Writing update

29 12 2008

So, I’ve been writing a lot, finally.

In the week and a half before Christmas, I wrote a story currently titled “The Master Clock,” about 6500 words. It’s in editing stages. I sent it to a couple people to read and I hope they like it. (I already know where some of the problems are. Eeek. I wish I’d proofread it before I gave it to them, but I needed it out the door to feel good about myself.)

Since Christmas eve, I’ve laid down 7500 words of a story “The Crystal Face of God,” and it’s almost drafted. I think I have a fair amount more editing to do on this one though, and at least another 1000 words to add or more, because I just filled in some details so I could get to the end and have it all down.

Both are entering the editing stages. I have a few more stories in the brain pipeline that I might start working on while editing, but that will require me to pay special attention to time management, making sure I can finish everything.

Woo, productivity! Sadly, I have real work tomorrow morning, and I am up past my bedtime.

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some writing

18 12 2008

So I have neglected to find more links or make other posts because I am in the process of writing stories. Somehow I got into my head that I could be a speculative fiction writer instead of just a fan. I’ve been writing a lot in and around my work schedule.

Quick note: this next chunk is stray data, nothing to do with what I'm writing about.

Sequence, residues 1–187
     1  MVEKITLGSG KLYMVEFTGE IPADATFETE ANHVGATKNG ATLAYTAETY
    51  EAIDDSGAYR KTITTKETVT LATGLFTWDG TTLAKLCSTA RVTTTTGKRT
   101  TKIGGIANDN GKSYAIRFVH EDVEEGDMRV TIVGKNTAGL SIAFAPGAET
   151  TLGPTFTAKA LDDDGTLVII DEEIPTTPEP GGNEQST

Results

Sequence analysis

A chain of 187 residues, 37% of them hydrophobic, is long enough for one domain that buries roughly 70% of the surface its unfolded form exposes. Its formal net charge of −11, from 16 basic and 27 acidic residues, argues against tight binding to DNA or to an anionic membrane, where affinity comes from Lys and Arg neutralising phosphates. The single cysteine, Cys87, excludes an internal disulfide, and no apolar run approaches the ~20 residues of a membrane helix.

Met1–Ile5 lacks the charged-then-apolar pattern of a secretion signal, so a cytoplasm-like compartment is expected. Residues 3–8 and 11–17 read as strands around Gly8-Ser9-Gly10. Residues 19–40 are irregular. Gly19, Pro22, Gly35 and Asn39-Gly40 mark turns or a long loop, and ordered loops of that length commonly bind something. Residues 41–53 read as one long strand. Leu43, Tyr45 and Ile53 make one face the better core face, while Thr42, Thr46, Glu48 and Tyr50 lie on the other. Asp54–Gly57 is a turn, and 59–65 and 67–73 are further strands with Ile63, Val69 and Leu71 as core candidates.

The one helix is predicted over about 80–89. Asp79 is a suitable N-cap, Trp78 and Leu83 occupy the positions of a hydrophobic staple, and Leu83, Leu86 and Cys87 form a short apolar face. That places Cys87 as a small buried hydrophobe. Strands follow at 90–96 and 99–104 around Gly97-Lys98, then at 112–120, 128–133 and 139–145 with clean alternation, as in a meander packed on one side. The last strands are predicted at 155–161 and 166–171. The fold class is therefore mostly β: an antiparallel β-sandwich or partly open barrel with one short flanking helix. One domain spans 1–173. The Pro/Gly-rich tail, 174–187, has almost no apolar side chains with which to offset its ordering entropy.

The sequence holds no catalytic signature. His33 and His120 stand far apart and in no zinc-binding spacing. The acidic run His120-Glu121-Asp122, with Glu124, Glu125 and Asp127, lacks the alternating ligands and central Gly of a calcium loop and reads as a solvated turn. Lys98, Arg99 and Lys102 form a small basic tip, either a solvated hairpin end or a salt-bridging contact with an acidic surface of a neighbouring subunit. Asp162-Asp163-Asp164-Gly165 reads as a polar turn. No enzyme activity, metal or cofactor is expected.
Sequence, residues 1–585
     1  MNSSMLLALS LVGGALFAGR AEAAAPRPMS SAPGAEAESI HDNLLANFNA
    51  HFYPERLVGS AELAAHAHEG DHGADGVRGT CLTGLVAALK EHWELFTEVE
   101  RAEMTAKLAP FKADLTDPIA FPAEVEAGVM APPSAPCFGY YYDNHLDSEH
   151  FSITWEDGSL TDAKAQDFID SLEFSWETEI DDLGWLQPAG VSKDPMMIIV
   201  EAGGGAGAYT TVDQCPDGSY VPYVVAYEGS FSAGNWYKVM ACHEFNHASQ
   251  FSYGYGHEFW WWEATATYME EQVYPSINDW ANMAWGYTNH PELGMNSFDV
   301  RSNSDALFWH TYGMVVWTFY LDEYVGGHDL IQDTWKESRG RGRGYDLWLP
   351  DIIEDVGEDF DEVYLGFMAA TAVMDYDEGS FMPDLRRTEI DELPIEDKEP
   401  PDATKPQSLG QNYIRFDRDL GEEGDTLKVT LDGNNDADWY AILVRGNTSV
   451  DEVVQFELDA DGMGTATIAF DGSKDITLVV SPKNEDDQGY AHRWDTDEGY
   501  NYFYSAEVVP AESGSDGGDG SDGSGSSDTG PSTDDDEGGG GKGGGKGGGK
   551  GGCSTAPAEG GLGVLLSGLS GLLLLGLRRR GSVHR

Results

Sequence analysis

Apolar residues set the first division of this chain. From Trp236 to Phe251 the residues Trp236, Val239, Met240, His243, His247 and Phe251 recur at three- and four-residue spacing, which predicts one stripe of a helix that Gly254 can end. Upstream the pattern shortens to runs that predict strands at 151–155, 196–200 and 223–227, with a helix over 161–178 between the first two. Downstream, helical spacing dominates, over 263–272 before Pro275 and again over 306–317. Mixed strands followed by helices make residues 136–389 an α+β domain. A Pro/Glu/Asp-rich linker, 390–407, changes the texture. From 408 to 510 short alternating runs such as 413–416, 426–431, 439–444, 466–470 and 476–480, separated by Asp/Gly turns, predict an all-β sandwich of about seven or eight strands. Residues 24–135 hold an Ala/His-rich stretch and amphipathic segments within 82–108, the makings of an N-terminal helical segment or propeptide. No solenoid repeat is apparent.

I went through documents that accrued over four years of school and found a decent stash of story gems, so I took one of them and started running with it. I’ve written about 6k words since last week, and I think I have the basic frameworks of the story in place. It’s nice to see that. The hard part now is going through and making sure the continuity makes sense and the story says what I want it to say without second-guessing my choice of language or general skill as a writer (and then going on and messing up the story with over-editing or giving up completely). I’d say I’m 2/3rds done. It’s a short story.

After I finish it, I’m going to ship it off to a few people to read. If they don’t say, “Augh, this is terrible,” or even if they do, I will try to incorporate some of their comments into the piece and then ship it off to various spec fic magazines. This is my plan, and is also why I have been and may continue to be lax in updating.





Comic writing vs screenplays

13 12 2008

A little early morning linking for your pleasure and my late-for-work.

Mark Waid, writer of um… comics, shares some thoughts on the differences between screenwriting and comic writing:

Screenwriter walks into my office. Famous, one of the two or three whose name is as instantly recognizable to movie fans in Iowa as it is to us Left Coasters. And he’s immediately on my good side because the first words out of his mouth are not “so I have this pitch for a supernatural western,” but, rather, “I know how to write for film but I don’t know how to write for comics, and I presume there’s a difference.”

The single most important difference between a screenplay and a comic book script is that a comic story is made up of frozen moments. Screen stills. Snapshots.

Read more thoughts over at Kung Fu Monkey.

I read an interesting blog on screenwriting written by John August, writer of Big Fish and a few other notable movies. He answers lots of interesting “how do I” questions and also writes about the industry. He was doing some good blogging on the writer’s strike at the beginning of 2008. Visit JohnAugust.com.